Upcoming talks on the politics of "Star Wars" and "Star Trek"

|The Volokh Conspiracy |

SunsteinStarWars

Do you find recent political developments depressing? I know I do. If so, you may be interested in two upcoming events where I will be speaking about the politics of Star Wars and Star Trek. If nothing, else boldly going into a galaxy far, far away is likely to be more uplifting than the ongoing 2016 election! Both events are free and open to the public:

On August 1, at noon, I will be commenting on Harvard law professor Cass Sunstein's new book, The World According to Star Wars, at a Book Forum at the Cato Institute, in Washington, DC. Michael Cannon of the Cato Institute will also comment on the book and Sunstein's presentation of it. Details and registration info here.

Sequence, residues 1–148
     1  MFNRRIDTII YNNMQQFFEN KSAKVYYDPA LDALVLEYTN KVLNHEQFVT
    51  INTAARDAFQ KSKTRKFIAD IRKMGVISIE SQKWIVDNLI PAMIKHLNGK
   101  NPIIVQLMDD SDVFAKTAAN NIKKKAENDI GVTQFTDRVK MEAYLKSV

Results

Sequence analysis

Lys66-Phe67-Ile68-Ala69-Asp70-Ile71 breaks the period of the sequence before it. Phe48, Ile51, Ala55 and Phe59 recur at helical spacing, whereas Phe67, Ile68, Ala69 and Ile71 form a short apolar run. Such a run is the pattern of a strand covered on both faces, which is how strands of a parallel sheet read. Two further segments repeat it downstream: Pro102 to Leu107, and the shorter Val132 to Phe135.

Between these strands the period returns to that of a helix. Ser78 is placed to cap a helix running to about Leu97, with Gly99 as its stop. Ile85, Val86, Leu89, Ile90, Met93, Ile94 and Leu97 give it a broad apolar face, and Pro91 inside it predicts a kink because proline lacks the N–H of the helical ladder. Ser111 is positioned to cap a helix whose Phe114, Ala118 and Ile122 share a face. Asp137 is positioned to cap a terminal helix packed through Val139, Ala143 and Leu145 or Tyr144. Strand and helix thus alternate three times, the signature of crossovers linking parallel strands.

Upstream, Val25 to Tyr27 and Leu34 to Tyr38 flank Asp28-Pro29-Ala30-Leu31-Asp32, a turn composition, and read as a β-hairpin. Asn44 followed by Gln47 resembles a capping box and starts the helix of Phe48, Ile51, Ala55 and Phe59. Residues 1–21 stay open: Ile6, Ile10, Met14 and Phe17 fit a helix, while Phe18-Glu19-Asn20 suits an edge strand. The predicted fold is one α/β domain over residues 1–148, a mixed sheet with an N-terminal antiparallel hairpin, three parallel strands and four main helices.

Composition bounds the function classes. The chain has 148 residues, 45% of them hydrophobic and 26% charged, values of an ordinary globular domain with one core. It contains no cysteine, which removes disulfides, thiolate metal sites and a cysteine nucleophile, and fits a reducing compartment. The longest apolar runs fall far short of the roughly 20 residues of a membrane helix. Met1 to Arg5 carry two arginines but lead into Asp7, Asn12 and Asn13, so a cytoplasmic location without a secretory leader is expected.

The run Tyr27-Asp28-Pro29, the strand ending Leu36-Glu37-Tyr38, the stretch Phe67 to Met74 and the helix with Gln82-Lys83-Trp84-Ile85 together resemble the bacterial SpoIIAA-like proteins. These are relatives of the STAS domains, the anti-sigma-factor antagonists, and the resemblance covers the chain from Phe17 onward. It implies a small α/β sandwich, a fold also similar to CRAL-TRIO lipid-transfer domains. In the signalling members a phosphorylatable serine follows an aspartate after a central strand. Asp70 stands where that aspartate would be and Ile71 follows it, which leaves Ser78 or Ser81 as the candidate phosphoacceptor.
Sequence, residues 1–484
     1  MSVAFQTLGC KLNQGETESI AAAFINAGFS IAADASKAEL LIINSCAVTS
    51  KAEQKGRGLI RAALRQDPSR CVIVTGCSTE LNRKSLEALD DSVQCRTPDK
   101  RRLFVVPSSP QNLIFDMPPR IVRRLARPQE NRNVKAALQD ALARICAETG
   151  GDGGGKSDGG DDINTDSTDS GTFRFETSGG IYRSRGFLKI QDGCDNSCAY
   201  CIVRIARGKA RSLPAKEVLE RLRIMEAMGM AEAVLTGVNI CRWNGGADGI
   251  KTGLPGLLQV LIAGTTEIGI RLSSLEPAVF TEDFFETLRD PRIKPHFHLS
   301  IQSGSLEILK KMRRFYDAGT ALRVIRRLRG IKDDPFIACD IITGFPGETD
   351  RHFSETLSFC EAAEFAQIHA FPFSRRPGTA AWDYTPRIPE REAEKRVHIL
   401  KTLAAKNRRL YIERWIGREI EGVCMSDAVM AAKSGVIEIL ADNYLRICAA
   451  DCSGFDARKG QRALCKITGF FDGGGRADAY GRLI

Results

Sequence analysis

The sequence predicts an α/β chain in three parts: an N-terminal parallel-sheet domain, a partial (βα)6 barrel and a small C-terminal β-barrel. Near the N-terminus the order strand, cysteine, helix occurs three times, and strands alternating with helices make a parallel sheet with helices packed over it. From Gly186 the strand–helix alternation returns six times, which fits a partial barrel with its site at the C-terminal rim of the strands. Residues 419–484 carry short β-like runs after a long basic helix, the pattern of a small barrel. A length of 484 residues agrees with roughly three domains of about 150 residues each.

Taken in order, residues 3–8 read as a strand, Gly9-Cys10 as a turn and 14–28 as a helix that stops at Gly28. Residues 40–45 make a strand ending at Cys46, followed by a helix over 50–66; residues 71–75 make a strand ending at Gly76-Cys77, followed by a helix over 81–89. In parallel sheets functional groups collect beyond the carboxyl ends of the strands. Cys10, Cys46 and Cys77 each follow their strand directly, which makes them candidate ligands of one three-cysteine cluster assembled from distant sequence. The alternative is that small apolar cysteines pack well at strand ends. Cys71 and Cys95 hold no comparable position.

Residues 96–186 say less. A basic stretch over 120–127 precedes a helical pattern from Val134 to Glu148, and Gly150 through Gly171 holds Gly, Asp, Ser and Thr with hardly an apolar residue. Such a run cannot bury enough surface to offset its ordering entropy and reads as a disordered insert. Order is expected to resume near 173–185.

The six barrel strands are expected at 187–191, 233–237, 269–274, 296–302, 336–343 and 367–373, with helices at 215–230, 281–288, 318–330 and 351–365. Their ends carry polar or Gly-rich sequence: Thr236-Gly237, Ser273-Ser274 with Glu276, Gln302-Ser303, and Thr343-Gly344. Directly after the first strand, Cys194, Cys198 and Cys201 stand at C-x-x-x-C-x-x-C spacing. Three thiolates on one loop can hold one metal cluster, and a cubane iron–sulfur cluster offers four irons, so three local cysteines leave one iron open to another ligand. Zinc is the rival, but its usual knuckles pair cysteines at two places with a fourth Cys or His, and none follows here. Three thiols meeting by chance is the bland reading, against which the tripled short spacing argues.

I reviewed this interesting book here.

On August 4, 6:30-8:30 PM, I will take part in a panel on "The Politics of Star Trek," sponsored by the Reason Foundation, and the R Street Institute, also in Washington. The other panelists will be Nick Gillespie, editor in chief of Reason magazine, Eli Lehrer, president of the R Street Institute, and Nika Nour of the Entertainment Software Association. Details and registration info here.

I previously addressed the politics of Star Trek in this 2011 Institute for Humane Studies podcast, and in this 2007 article.

Carping critics may claim that it's frivolous to focus on the politics of science fiction at a time when we are facing so many difficult real-world issues. Perhaps so. But it's worth noting that fiction does have an impact on real-world politics, if only because far more people watch Star Wars and Star Trek movies and TV series than read serious nonfiction books and articles about political issues. Social science research shows that Harry Potter has influenced the political views of his fans. The same may well be true of Captain Kirk and Darth Vader. And even if not, at least they're less painful to watch than Donald Trump and Hillary Clinton.